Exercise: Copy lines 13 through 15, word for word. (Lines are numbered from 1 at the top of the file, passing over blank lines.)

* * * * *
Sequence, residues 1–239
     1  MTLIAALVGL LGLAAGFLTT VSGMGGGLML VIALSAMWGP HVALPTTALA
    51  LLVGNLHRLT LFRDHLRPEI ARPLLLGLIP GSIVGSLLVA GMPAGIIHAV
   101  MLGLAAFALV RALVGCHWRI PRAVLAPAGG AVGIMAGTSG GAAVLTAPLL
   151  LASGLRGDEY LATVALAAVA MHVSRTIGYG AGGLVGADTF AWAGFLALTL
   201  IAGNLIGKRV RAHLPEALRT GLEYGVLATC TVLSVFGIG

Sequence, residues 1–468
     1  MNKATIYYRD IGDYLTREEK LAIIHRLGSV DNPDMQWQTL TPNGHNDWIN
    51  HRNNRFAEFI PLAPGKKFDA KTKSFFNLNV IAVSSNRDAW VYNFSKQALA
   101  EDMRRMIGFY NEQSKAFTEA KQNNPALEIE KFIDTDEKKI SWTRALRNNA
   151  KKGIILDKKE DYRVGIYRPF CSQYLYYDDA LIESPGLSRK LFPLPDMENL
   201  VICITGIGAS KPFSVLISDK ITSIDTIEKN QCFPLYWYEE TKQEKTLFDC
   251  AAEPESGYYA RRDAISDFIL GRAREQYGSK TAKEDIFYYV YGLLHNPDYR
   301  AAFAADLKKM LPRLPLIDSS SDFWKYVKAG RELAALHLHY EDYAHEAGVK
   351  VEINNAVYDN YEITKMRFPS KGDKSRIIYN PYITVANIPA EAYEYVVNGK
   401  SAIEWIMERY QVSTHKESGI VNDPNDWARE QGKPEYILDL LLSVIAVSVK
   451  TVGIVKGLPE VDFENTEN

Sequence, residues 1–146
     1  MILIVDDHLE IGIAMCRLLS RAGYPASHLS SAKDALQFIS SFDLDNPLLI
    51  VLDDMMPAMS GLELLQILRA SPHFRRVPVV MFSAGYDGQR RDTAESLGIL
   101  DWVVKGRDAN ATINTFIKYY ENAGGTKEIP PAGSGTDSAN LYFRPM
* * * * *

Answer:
   251  AAEPESGYYA RRDAISDFIL GRAREQYGSK TAKEDIFYYV YGLLHNPDYR
   301  AAFAADLKKM LPRLPLIDSS SDFWKYVKAG RELAALHLHY EDYAHEAGVK
   351  VEINNAVYDN YEITKMRFPS KGDKSRIIYN PYITVANIPA EAYEYVVNGK